A Beautiful Ride

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Zionsville woman parlays equine passion into prestigious competition

Elizabeth “Liz” Johnson has spent most of her life competing. She’s ridden horseback, snow skied and swum, more often than not for the sole purpose of finishing first.

Usually, she’s realized that goal; the irony is, however, that for the last 35 years Johnson has been happy to finish last.

Why? For the sake of those in need and the town of Zionsville, for starters. What form does it take? The Traders Point Hunt Charity Horse Show and Country Fair.

“Charity has been part of the show from the start,” Johnson, as elegant and charming a woman as one could meet, said. “We’ve given our profits to many charities over the years; we hope everybody benefits from it.”

Johnson, I came to understand over the course of a scorching morning on the sprawling landupon which the yearly spectacle is contested, is its founder, having created the event in the late 1970s. Now in its 35th year, the gathering encompasses a week’s worth of activity and is among the most prestigious on the riding circuit. This year’s event will bring 800 horses and nearly 15,000 people to the Zionsville area.

The effect of such a large number of people on Zionsville is not lost on John Johnson, Liz’s son and caretaker of the land.

“There is an enormous economic benefit,” he said. “People come from all over America, and they have to have places to stay and eat. Local stores’ business spikes up. It’s a moneymaker for the local economy.”

Dollars aside, the most compelling aspect of the event is Liz. She and her husband Sylvester – or simply “Ves” – moved to Zionsville from Indianapolis in 1948, and pieced plots of land together bit by bit. They called it Wild Air Farms, in honor of Ves’ grandmother’s land in California.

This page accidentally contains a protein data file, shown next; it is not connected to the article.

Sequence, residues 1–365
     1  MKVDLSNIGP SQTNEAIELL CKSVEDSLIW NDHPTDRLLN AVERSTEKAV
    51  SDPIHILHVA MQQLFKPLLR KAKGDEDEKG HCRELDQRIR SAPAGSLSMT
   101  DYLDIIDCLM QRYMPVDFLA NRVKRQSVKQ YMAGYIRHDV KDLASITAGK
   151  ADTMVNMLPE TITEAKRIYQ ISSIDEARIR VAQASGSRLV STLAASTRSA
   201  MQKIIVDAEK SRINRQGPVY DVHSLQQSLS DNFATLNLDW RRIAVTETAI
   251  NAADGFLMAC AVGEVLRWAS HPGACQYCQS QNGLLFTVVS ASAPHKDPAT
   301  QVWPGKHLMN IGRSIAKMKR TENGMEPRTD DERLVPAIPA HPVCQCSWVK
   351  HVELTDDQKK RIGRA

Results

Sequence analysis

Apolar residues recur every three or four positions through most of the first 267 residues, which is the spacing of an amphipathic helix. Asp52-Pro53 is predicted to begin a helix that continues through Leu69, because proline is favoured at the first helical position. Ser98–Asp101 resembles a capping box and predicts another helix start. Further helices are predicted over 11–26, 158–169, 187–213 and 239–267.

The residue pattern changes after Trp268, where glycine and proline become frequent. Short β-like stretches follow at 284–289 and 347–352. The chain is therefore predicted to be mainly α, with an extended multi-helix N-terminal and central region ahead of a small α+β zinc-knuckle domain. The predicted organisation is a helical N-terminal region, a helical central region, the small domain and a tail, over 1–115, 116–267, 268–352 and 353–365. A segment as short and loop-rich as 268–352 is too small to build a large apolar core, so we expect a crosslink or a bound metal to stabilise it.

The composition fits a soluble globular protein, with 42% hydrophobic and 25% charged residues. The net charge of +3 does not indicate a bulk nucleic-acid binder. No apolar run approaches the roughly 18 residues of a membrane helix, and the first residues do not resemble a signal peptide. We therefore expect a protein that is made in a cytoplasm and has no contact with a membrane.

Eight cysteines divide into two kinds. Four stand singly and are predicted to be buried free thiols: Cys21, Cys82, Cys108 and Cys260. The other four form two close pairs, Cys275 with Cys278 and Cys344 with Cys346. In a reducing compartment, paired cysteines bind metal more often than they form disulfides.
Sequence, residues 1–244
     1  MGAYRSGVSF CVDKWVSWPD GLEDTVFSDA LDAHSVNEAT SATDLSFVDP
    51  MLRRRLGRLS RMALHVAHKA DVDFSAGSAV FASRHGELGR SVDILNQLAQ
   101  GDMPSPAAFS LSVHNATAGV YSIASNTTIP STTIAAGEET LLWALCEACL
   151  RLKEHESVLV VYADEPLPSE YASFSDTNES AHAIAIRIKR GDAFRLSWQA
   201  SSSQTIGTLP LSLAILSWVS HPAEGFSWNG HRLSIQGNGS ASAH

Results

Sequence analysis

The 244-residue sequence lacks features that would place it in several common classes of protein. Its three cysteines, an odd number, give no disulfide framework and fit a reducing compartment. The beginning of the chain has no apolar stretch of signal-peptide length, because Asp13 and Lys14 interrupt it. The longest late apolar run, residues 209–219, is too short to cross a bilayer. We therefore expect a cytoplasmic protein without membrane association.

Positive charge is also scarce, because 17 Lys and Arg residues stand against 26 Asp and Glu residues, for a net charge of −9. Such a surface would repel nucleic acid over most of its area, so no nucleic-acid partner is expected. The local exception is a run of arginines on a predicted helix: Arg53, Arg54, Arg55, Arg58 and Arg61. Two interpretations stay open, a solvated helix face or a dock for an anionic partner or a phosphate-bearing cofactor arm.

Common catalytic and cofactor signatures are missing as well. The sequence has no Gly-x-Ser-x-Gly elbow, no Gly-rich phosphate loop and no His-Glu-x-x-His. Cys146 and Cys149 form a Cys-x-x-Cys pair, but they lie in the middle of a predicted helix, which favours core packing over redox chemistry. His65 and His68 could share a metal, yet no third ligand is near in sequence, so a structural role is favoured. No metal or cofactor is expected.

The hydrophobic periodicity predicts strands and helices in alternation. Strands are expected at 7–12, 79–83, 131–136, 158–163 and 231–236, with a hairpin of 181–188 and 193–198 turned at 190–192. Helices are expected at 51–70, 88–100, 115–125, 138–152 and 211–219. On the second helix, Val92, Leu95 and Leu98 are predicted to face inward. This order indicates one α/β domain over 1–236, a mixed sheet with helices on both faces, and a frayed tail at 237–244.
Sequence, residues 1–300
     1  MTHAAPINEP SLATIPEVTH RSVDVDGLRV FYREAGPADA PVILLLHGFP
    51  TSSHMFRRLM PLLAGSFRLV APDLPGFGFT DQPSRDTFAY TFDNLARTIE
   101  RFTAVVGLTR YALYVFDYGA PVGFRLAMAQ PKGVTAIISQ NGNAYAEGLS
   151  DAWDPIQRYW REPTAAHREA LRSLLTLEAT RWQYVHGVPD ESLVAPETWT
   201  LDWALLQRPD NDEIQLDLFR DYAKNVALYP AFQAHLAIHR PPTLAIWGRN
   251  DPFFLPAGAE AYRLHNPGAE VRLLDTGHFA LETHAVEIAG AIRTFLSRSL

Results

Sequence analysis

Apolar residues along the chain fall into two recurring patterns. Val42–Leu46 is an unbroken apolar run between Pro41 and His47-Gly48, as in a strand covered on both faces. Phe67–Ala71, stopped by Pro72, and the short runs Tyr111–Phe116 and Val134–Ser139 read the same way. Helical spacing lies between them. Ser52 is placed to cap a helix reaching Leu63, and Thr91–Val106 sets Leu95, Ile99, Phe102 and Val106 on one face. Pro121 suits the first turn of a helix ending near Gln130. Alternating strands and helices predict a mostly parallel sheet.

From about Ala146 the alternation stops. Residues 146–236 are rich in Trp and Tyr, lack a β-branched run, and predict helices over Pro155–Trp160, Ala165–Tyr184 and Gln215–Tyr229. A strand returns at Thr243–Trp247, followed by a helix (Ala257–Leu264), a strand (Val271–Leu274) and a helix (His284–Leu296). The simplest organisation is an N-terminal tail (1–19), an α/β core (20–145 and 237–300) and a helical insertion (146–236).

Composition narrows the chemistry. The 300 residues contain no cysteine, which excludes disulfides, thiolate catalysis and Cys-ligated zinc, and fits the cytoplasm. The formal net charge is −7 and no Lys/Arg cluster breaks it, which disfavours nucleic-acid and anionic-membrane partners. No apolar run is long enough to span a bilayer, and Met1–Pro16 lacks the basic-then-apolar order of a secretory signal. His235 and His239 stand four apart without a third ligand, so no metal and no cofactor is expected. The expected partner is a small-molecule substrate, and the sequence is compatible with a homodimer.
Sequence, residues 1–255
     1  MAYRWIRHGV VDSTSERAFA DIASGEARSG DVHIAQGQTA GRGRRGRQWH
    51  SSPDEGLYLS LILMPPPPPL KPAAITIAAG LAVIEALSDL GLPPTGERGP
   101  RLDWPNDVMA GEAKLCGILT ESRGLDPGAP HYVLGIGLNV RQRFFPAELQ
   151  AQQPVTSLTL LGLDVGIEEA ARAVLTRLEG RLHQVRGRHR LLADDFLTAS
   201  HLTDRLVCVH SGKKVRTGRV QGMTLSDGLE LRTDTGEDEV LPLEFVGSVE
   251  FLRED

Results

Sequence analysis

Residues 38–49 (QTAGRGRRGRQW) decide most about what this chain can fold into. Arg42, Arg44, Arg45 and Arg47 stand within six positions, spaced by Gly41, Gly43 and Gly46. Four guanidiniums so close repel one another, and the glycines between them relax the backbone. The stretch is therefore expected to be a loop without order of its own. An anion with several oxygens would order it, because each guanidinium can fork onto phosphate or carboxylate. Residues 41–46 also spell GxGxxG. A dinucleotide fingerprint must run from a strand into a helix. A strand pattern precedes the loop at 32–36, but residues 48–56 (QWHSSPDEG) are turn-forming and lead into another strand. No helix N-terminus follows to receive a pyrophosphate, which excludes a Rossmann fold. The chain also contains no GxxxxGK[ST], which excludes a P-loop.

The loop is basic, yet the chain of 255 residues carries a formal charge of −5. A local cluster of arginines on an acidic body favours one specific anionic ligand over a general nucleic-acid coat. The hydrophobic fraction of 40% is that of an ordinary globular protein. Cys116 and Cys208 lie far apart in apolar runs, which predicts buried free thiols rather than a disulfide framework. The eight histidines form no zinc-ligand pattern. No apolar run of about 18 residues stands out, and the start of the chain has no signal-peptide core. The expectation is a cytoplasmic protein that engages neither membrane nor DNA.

By the time the soil had a name, however, Liz already had made a name for herself.

“I always wanted to ride,” she said. “When I was young, my brother had a horse he couldn’t ride well and he gave her to me. I rode her at the Devon (Penn.) horse show when I was 17, and placed 4th out of 68 riders. From then on I thought, ‘This is it, I need to keep showing.’”

And show, she did. She was twice a winner at Madison Square Garden, was featured in the August 1951 issue of Town and Country magazine and had a horse, Super Flash, inducted into the National Show Hunter Hall of Fame.

Along the way Johnson also picked up her snow ski instructor’s license, won a few medals in that sport, landed in the background of a Sports Illustrated cover – “I was just on roller skates in the background,” she understates – and continued to train horses in Zionsville.

Johnson, as pictured in the August, 1951 issue of Town and Country magazine.

Then, an idea hit.

“I had the vision of having a show here,” she said. “I was showing across the country, and we had this beautiful area here. We started with two rings for hunters and had a cornfield next to them, so we decided to have jumpers as well. One thing led to another and now we have four rings.”

That growth has allowed the charity aspect to tick up as well. This year’s event will benefit the Riley Children’s Foundation, and previously profits have gone to organizations like Little Red Door, the Humane Society and others.

John Johnson is quick to point out that the event is good for families, as well.

“It’s very family-oriented,” he said. “We’ve got pony rides, bounce houses – there’s something for everyone. You get to see something you don’t get to see very often.”

Show week will find Liz, who last rode in 2005, playing hostess. She will break from her routine of swimming 30 laps a day in her 75-foot pool to mingle with friends she sees but once a year.

“I wish I could participate, but I ride mentally,” she said. “I welcomethe exhibitors; it’s so much fun to have friends come. I don’t have any particular thing I have to do, I just enjoy being here. It’s thrilling.”

Elizabeth “Liz” Johnson has spent most of her life competing. She’s ridden horseback, snow skied and swum, more often than not for the sole purpose of finishing first.

Usually, she’s realized that goal; the irony is, however, that for the last 35 years Johnson has been happy to finish last.